A group of Florissant veterans will honor the service of the men and women in the U.S. Armed Forces on Veterans Day.
Ten members from the American Legion Florissant Valley Memorial Post 444 will perform military honors at Jefferson Barracks National Cemetery. The tight-knit group is known as the honor guard.
Since 1992, the Florissant-based group has performed roughly 6,000 services at Jefferson Barracks National Cemetery.
James Hunt is the judge advocate at Florissant Valley Memorial Post 444. The 75-year-old Vietnam-era veteran said even though the job can take a toll, it’s worth it in the end.
“We consider it a great honor to be able to do this,” Hunt said. “Because we know what it means to them. And when you’re standing there and the service is over and a family member walks up with tears in their eyes and shakes your hand and says thank you, it makes it all worthwhile. It makes it all worthwhile.”
The honor guard was established by the state of Missouri and is administered by the National Guard. The honor guard performs services at Jefferson Barracks every week of the year, no matter the weather.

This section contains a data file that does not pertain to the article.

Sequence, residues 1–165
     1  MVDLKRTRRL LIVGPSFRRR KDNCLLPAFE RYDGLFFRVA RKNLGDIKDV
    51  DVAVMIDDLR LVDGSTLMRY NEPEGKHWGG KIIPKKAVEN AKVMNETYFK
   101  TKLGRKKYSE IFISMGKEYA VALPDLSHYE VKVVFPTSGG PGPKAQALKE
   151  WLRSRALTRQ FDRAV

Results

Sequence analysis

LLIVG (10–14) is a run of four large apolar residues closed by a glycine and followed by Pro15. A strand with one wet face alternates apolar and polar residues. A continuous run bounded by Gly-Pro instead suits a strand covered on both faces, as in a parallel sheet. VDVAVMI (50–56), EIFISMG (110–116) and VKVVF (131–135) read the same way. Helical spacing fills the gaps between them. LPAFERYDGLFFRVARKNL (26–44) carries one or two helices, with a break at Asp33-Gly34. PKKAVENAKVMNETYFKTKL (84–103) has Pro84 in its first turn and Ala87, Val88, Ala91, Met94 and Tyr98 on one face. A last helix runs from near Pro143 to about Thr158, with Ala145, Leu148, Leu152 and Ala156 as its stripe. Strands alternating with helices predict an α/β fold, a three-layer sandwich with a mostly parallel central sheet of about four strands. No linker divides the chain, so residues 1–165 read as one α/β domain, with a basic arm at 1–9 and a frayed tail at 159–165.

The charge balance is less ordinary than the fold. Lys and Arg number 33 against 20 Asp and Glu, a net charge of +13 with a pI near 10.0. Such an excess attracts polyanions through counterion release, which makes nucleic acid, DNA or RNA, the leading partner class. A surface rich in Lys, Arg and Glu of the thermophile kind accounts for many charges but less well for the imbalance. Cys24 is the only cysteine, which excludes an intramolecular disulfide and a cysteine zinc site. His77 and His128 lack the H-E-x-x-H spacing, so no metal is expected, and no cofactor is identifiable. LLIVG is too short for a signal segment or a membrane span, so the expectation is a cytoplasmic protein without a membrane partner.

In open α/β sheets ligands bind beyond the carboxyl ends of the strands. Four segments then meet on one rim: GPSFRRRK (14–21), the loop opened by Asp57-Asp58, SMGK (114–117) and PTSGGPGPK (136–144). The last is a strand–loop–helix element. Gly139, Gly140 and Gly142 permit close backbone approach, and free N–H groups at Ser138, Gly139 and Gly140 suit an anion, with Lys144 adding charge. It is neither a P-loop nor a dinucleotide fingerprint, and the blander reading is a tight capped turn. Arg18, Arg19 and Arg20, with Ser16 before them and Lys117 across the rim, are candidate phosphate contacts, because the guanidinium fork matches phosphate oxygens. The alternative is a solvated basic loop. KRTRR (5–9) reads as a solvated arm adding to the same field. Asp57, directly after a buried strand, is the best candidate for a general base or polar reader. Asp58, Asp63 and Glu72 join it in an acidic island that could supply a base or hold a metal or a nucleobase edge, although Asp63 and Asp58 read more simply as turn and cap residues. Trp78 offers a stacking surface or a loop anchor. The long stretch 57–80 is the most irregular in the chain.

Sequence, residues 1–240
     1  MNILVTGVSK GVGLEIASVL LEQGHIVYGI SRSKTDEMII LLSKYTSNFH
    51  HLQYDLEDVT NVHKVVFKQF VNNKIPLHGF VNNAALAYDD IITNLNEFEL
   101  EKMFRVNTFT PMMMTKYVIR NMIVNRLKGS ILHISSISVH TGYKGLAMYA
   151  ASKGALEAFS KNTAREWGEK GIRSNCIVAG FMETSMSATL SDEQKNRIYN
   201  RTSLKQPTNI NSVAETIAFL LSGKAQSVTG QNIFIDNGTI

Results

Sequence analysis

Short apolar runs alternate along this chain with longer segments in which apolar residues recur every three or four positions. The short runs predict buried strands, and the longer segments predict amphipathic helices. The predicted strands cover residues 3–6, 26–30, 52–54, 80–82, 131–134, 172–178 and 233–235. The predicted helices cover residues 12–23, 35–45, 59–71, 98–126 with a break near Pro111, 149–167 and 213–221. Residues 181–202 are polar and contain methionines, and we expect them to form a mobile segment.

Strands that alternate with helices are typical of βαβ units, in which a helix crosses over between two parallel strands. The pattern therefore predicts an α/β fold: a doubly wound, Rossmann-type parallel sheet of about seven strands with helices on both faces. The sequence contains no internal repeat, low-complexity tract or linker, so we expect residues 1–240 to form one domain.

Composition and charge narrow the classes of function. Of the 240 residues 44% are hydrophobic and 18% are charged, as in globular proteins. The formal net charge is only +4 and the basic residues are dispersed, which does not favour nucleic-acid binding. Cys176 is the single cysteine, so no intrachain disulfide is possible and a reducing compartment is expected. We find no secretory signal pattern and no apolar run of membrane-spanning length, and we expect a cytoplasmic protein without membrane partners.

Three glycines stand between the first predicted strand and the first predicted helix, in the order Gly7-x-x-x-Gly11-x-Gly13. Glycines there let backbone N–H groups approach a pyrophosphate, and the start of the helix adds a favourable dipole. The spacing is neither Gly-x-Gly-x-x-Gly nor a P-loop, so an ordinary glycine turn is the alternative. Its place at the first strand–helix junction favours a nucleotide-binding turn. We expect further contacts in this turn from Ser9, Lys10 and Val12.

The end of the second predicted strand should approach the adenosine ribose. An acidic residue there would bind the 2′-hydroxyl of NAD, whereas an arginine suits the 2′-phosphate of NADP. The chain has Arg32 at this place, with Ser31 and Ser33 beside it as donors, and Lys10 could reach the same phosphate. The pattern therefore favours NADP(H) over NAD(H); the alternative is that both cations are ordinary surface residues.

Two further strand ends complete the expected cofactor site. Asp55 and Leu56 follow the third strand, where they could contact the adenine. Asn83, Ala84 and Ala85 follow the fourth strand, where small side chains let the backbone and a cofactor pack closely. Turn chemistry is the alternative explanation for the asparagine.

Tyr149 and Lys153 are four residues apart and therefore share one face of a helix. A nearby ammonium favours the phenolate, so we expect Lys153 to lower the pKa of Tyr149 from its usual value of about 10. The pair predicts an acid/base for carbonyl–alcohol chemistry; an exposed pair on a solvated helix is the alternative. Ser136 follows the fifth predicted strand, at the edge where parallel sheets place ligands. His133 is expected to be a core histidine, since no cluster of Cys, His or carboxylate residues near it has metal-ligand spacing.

During the service, the group fires off nine rounds from World War I-, II- and Korean War-era rifles. An electronic bugle is played. The family of the service member receives a folded flag, a military funeral honors coin and a card.
Hunt said even though the services can be emotionally taxing, it’s important to recognize the veterans' contributions.
“We feel each service, and we realize the solemn moment that it is, but the person who provided the service to the nation deserves this,” Hunt said. “[They] deserve every bit of it.”
The honor guard’s membership has dwindled in size throughout the years. Hunt said when he started a little more than a decade ago, the group had 25 members and did, at most, 16 services a day. That’s not the case these days. Most of the members in the honor guard are in their 70s and 80s, and the role does have its physical, mental and emotional demands. The Air Force veteran said as members age, they’re uncertain who will carry on the duty.
“We have made a lot of effort to try to get people just to join the post and also to participate in the honor guard,” Hunt said. “But the mentality of the current veterans coming out of Iraq and Afghanistan and other places like that, they’re not really orientated towards (veterans' service organizations) at this time. VSOs really exploded after World War II. And now most of your World War II and Korean veterans are dying off. So it’s a generational thing.”
Hunt hopes younger veterans will be encouraged to participate in the honor guard in the coming years.